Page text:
That's why the most powerful idea in microfinance isn't microloans, but microsavings — helping the poor safely store their money. And mobile phones offer a low-cost way to make microsavings feasible and extend financial services to the poor. About three-fourths of Haitians have access to a mobile phone, and similar numbers are found in many poor parts of the world.

Kenya has been a leader in mobile money, but many other developing countries in Africa, Asia and the Americas are now jumping on board as well. For the poor, mobile telephones could have as profound an impact on finance — on banking the unbanked — as they have on communications.

One terrific poverty-fighting organization in Haiti, Fonkoze, is also expanding into financial services through mobile phones. It is implementing a system whereby Haitians in America will be able to use cellphones to send unlimited remittances to the phones of relatives back in Haiti. On the Haitian side, the recipient of the money would be able to go into any Fonkoze branch and cash out — or, better yet, use the remittance as the start of a savings account.

Nothing goes as planned in the developing world, and that's true of mobile banking. Many people in the program here in St.-Marc are illiterate and have trouble mastering the codes, and the first time I tried a transaction I lost a cell signal. Central banks and regulators are sometimes wary of telephone companies engaging in finance.

But Robin Padberg, the chief executive of the Voilà cellphone company that Mercy Corps is working with, says that early in the new year the mobile money system will be expanded so that anyone will be able to make purchases, put money into a mobile phone account or take cash out. That'll be a milestone in the inclusion of the poor in the world of financial services.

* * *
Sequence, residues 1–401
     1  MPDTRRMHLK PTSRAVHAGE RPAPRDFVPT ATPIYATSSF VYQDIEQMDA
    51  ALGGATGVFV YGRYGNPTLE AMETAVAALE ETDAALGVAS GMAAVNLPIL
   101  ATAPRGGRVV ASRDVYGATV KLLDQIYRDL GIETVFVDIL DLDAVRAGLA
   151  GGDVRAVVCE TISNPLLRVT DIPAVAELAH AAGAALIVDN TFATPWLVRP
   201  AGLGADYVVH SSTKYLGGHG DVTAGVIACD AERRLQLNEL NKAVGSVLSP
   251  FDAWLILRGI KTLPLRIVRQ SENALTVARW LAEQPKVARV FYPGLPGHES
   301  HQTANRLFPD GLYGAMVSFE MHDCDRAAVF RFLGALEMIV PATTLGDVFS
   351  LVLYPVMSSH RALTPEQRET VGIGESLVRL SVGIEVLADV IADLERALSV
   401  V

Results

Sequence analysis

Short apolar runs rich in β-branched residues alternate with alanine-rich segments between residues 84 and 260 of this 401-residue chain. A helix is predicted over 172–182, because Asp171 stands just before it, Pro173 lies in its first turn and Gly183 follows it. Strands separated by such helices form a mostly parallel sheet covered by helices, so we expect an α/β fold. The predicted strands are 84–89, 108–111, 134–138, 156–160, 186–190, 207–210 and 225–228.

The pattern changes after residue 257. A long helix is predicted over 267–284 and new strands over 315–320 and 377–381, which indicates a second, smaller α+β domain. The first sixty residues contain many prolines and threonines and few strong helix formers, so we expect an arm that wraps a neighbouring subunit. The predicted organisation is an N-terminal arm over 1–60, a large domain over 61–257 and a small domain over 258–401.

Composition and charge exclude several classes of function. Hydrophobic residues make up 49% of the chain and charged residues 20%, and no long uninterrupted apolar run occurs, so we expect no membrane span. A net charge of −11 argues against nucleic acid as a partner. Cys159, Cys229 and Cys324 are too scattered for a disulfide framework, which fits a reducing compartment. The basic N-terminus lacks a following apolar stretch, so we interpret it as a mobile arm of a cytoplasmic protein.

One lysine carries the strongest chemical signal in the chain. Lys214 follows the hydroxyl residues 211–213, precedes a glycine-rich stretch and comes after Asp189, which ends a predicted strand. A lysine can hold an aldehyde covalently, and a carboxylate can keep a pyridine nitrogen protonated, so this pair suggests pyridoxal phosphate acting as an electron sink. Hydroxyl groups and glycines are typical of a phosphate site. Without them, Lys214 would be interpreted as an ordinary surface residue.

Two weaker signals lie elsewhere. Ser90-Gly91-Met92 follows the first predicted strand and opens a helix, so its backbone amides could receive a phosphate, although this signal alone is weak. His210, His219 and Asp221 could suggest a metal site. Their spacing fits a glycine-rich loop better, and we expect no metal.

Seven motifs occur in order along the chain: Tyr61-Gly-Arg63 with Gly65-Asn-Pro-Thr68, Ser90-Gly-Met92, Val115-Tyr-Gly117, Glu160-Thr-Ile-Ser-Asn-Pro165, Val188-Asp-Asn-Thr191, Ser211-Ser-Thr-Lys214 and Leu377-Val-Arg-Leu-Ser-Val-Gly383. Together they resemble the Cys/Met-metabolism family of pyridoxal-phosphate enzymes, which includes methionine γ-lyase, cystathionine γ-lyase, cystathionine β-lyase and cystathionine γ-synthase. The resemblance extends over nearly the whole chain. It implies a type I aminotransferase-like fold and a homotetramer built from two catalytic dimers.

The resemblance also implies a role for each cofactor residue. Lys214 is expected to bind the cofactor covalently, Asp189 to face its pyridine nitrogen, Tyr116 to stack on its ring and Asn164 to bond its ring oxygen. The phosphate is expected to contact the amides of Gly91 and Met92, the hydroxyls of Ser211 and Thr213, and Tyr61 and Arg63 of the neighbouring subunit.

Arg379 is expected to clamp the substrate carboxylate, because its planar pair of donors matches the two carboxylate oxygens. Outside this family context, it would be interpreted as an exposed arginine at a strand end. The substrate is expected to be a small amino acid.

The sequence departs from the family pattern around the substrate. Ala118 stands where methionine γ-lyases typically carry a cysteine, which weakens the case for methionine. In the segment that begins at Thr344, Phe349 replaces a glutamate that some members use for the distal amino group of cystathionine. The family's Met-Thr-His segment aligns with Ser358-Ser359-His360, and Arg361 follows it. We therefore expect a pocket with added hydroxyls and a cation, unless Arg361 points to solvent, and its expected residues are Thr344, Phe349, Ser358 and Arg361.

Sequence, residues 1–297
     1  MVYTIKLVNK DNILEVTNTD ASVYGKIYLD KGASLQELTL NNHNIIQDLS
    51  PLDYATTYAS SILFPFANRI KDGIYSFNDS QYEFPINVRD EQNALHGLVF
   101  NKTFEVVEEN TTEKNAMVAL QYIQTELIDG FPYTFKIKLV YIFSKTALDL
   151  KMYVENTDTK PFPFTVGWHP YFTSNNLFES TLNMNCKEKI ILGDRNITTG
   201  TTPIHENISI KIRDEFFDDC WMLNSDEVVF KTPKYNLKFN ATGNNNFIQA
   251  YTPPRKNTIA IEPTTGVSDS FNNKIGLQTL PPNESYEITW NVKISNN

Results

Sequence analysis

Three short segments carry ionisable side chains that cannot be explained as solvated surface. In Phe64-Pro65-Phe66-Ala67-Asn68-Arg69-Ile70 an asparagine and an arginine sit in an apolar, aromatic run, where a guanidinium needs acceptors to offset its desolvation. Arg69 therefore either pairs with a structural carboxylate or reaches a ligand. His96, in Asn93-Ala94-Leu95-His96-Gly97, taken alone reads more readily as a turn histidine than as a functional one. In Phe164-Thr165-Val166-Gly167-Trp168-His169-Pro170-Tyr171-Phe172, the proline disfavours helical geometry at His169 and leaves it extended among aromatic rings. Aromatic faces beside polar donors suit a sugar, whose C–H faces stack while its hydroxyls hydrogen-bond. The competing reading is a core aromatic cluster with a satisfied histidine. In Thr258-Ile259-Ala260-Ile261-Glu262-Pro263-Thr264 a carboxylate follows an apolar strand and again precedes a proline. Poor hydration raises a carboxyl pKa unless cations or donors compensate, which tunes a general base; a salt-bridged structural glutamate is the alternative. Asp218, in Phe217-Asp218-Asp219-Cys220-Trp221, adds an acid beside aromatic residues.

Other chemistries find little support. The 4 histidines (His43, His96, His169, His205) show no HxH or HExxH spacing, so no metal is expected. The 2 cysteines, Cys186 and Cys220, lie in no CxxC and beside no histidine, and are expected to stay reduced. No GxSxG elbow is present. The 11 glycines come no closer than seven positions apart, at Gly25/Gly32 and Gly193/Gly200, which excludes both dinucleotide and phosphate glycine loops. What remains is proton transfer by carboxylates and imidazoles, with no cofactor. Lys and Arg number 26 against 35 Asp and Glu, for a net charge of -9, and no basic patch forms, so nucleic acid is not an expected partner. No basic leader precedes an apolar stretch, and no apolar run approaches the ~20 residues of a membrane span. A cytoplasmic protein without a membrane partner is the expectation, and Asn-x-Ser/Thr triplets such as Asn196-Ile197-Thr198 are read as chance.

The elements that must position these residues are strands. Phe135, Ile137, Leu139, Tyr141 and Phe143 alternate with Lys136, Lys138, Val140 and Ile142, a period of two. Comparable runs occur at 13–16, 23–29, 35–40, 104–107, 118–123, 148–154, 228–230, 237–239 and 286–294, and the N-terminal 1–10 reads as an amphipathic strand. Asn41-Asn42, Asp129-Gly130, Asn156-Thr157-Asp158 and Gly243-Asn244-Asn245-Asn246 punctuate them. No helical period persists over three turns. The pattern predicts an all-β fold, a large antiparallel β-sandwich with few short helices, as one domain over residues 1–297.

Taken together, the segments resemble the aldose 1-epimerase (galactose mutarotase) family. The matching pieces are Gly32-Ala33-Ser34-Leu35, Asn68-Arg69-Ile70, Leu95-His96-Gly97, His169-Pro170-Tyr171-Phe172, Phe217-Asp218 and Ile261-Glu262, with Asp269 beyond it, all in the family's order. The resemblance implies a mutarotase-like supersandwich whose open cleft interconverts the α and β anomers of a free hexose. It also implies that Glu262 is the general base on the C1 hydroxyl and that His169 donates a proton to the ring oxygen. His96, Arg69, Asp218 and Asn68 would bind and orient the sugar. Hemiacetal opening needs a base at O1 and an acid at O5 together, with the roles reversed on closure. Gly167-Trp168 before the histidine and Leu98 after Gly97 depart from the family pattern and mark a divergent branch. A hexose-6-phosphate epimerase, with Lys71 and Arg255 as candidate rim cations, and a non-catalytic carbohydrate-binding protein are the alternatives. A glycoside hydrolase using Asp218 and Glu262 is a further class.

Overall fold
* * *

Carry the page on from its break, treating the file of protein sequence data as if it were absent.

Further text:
And some day, I'm pretty sure, I'll engage in as sophisticated a financial transaction as Haitians — say, walking into a deli and buying a pastrami on rye with my BlackBerry — without even leaving Manhattan.

Haiti Blog

Friday, December 3, 2010

Pestel and Cholera

Hi all,

I wanted to make you aware that it appears that cholera has spread to Pestel.  Both Dr Seneque and Sister Fidelis have now mentioned this.

Please pray for wisdom.  And pray that somehow the issue of cholera would resolve quickly in Pestel.

Dr. Seneque emailed me today to ask that the workers be allowed to continue working through January (you may recall that we have the workers taking a break until March 2011).  He wants to use them to spread the word about cholera up into the mountain communities, and to do community education.

This is really good news, in my opinion, because it indicates that he sees the value of having built a 'network' of workers from the various sections.  It is also important because it allows the workers to take on a new level of responsibility related to health.

The challenge here will be in developing something rather rapidly to respond to the cholera issue--a worker education program to address hygiene, keeping safe, responding appropriately to illness.  This is no small feat.   There is also the added challenge of treating sick people with very limited resources (i.e. lack of IV fluids in Pestel).   These are not insurmountable, just challenging.